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Crisis Debriefing Models
Assignment 02 SDEB02M
Candice Louise Janks
Due Date: 30th July
P.O Box 2004 Gallo Manor 2052 JHB
.......2 Mitchell’s Model……………………………………..4-5 Critical Discussion……………………………………………………………………….8 ........................2-4 The National Peace Accord Trust Model……………………………………………….....5-7 Conclusion……………………………………………………………………………………7 Bibliography…………………………………………………………………………………......................1 Table of Contents Introduction………………………………………………………………………………….
Initially developed for fire fighters. 1988. It can also be used for the victims involved in traumatic situations. Critical Incident Stress Debriefing (CISD) can be a valuable tool following a traumatic event. It is important to motivate the group by way of explaining what will occur in the debriefing so as to lessen anxiety and to establish a supportive. and a variety of other settings.S. 2) Fact Phase During this phase. the U. These include maintenance of confidentiality. Mitchell’s Model This model was originally developed for first responders in an emergency situation such as paramedics and fire fighters. 1) Introduction Phase The debriefer introduces himself and the process. Research on the effectiveness of applied critical incident debriefing techniques has demonstrated that individuals who are provided CISD within a 24-72 hour period after the initial critical incident experience less short-term and long-term crisis reactions or psychological trauma (Mitchell. the use of the Mitchell Model has been expanded for use in natural disasters. It consists of seven phases which are briefly elaborated on below. The NPAT model consists of four legs with the approach being an integrative one. the group members are asked to describe their role in the incident or event and from their own perspective. In the aftermath of any critical incident and/or traumatic event. school-based incidents. a few individuals provide core facts while others fill in the . The "classic" CISM model was developed by Dr. no breaks and no recordings/notes taken. 1994). using both psychodynamic and cognitive behavioural techniques. some facts regarding what happened. Jeffrey Mitchell of the University of Maryland for use with emergency services personnel. paramedics and police officers. military and survivors of terrorist acts. psychological reactions are quite common and are fairly predictable.2 Introduction Psychological debriefing is an important first step for helping people process their direct involvement with traumatic events and reflect on the impact. “Debriefing is a specific technique designed to assist others in dealing with the physical or psychological symptoms that are generally associated with trauma exposure” (Davis. Usually. including. non threatening atmosphere. in recent years. encourages but does not force participation and sets ground rules. 1998). The National Peace Accord Trust (NPAT) is a non-profit organization which is focused on healing and reconciliation in South Africa. Young. An explanation of both these models follows with a critical discussion regarding their effectiveness.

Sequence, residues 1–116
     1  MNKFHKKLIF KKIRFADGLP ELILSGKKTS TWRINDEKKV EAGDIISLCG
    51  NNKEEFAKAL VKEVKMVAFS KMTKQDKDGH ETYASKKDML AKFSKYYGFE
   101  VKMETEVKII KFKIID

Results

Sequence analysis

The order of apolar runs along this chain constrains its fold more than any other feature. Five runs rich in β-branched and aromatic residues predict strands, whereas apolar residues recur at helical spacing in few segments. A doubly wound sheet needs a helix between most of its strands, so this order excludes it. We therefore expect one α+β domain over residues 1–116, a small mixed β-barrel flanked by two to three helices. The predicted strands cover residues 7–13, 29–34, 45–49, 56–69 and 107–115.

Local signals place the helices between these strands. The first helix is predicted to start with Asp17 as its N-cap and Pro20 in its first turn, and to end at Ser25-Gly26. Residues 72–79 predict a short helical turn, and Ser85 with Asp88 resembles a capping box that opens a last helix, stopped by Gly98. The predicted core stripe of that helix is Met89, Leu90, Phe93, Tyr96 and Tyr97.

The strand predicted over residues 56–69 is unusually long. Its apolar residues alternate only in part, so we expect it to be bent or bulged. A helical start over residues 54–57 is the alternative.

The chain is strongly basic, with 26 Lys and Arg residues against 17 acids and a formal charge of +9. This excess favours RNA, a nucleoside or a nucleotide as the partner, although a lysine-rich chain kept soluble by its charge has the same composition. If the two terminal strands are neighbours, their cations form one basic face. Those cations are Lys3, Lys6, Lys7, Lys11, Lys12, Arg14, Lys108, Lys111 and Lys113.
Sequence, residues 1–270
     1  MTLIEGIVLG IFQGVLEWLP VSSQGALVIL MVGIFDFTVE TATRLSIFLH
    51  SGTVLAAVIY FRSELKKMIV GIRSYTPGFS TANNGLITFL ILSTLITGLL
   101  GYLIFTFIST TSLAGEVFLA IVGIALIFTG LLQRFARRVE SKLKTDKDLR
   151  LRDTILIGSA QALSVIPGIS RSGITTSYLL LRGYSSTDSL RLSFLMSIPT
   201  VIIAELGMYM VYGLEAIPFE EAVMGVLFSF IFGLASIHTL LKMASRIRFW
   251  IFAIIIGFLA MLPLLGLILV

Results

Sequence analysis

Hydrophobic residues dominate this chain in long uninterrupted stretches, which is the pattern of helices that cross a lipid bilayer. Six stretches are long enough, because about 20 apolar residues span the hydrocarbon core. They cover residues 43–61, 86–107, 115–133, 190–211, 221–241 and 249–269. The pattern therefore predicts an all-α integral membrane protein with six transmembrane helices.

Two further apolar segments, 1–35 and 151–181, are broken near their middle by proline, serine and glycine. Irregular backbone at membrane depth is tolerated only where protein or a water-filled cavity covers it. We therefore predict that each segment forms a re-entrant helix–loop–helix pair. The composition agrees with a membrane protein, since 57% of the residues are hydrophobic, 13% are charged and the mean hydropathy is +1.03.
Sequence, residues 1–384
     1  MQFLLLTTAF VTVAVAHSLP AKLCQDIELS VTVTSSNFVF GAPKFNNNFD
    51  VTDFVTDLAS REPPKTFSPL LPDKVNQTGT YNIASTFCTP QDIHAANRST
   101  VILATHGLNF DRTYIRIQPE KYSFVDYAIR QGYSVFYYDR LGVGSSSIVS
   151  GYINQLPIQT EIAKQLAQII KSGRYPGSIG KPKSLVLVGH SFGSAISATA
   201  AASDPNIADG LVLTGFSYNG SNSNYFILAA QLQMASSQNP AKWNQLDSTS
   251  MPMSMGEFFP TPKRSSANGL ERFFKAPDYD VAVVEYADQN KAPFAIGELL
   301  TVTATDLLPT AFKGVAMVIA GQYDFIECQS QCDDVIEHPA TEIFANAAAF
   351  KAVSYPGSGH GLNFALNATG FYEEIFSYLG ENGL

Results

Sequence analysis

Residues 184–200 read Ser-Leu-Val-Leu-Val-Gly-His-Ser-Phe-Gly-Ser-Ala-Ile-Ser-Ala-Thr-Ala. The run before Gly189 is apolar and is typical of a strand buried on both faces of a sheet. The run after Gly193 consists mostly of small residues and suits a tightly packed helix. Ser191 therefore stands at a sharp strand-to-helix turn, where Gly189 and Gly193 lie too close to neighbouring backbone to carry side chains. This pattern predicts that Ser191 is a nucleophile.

during and after the incident or event. 5) Symptom Phase This phase begins the movement back from the predominately emotional processing level towards the cognitive and thinking processing level.3 missing details. the group realizes they are not alone in what they have been feeling. The rationale is that it is sometimes too difficult to discuss feelings too early on and by keeping the first two phases general and factual allows the individuals to feel safe and comfortable before confronting the more sensitive and personal emotions felt during the incident or event. stress reactions and techniques to decrease stress are explored. The debriefer asks the group to discuss their first thoughts during the event or incident. The debriefer also prepares the . “What was the worst thing about it for you?”. emotional and behavioural signs and symptoms which appeared before. This realization is an important first step for many towards feeling better. The group is asked to describe their physical. cognitive. 4) Reaction Phase This phase is designed to move the group from the predominately cognitive level of intellectual processing into the emotional level of processing. “What did you do?”. Useful questions like. “”How did you feel in the beginning? And later?”. “What happened?”. The process of critical incident stress. The important questions to ask include. Not everyone will feel comfortable talking and answering these questions. 3) Thought Phase This phase explores the emotional aspects prompted by the event. Questions such as “What did you experience before the incident?” and “What are you still experiencing since the event?” are used to elicit responses. “How do you feel now?” This is the most intense and powerful phase as it becomes more personal and the group learns to deal emotionally with the event. “What went through your mind?” and “when did you first realize this was a critical incident/traumatic event?” usually prompt discussion and allows the group to open up once they realize they are not alone in their feelings. so it is emphasised that the important part of participation is being present and listening. As with the reaction phase. Some of the individuals will discover that their reactions are similar to others in the group. 6) Teaching Phase Information is exchanged about the nature of the stress response and expected physiological and psychological reactions to critical incidents and traumatic events. The introduction of missing facts helps correct any misperceptions. Some questions that can be asked include. “How did the incident/event end?”.